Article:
There is a lot of poetry that is “beyond my ken”, as they say somewhere in England or Scotland or Ireland, and there is a lot that I don’t care much about. That includes some of John Audelay’s scratchings, but I noticed that he was the first poet to write Christmas carols, the titles of which are unknown to me and so are the carols. John Audelay came from Shropshire, England, and passed away around 1426. The “earliest biographical record places him in London in 1417, when he was part of the household of Richard, Seventh Baron of Strange, of Knockin.”
It was that Audelay was the chaplain for the Strange family when the Baron Strange got caught up in a brawl in St. Dunstan-in-the-East church on Easter Sunday, of all things, and Audelay accompanied him on his penance. And he seems to carry guilt for the rest of his life and tried to atone for it. He wrote two long poems, Pater Noster and The Three Dead Kings. And there are arguments going on for and against Audelay’s writmg them.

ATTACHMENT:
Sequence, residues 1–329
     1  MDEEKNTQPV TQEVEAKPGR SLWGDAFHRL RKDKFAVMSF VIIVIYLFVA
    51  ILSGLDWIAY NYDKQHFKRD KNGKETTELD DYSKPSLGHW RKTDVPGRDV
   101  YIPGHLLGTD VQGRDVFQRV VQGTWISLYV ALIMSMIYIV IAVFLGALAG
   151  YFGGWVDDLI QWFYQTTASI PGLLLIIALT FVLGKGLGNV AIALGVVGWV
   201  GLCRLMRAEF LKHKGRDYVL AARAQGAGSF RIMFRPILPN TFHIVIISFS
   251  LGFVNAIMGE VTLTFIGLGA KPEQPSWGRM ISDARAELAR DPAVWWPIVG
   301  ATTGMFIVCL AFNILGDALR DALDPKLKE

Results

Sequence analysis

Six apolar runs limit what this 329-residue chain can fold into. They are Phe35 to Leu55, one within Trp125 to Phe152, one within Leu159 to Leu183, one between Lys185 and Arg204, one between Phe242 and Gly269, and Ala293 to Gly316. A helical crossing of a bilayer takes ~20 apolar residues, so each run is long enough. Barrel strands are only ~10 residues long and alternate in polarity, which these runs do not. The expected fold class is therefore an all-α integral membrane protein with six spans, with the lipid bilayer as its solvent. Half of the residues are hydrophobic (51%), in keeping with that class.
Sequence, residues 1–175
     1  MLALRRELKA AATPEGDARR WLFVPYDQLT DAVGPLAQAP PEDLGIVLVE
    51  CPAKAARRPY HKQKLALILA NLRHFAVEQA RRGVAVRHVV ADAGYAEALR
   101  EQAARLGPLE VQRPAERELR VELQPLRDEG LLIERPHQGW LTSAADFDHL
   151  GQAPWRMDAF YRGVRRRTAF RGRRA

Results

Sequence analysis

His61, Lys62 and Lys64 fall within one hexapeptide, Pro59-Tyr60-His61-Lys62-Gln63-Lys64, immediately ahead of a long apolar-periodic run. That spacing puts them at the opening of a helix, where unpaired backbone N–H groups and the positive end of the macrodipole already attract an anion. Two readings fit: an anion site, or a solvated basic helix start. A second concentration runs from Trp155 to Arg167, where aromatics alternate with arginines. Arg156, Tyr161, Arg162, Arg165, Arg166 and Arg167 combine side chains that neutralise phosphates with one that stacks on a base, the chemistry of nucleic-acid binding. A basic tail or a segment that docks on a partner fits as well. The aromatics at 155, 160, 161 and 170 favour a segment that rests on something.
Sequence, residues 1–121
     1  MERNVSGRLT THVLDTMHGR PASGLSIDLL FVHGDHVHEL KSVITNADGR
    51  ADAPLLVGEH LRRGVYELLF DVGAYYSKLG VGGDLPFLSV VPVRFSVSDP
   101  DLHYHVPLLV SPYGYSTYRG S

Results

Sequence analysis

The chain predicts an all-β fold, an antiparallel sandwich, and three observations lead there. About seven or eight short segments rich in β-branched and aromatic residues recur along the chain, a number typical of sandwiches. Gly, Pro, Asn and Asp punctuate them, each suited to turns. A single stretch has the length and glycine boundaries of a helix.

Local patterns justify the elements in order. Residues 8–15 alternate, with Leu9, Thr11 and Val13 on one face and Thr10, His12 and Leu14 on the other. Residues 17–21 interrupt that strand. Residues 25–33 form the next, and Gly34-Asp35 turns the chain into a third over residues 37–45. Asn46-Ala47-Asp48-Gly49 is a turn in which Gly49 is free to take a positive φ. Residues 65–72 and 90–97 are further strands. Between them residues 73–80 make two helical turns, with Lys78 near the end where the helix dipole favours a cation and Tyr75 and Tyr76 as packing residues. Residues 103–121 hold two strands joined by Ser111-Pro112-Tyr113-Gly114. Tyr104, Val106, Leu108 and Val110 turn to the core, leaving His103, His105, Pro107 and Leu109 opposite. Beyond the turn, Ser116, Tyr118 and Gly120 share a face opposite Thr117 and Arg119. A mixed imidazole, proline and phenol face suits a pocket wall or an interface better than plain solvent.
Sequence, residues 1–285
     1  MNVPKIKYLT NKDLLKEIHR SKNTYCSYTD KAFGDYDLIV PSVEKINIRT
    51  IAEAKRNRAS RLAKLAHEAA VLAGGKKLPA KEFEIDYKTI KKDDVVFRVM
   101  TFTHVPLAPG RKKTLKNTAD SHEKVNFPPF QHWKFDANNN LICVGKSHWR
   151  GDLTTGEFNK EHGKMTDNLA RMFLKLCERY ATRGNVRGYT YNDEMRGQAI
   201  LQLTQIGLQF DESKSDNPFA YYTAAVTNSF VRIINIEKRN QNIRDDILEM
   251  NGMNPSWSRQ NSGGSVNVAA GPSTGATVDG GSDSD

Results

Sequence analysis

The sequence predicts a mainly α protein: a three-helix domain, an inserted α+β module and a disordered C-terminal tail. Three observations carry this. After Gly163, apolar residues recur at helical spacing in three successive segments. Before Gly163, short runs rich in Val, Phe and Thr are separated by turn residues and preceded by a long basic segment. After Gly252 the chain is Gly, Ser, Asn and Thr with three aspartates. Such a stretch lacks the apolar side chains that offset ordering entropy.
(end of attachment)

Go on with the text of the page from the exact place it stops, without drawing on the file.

I chose to write this little piece because I found it interesting that he was the author of the first Christmas carols, but the article on Wikipedia, where I read about John Audelay had none of the carols. If anyone knows which carols Audelay wrote, you may want to pass it on to Wikipedia for inclusion in the article.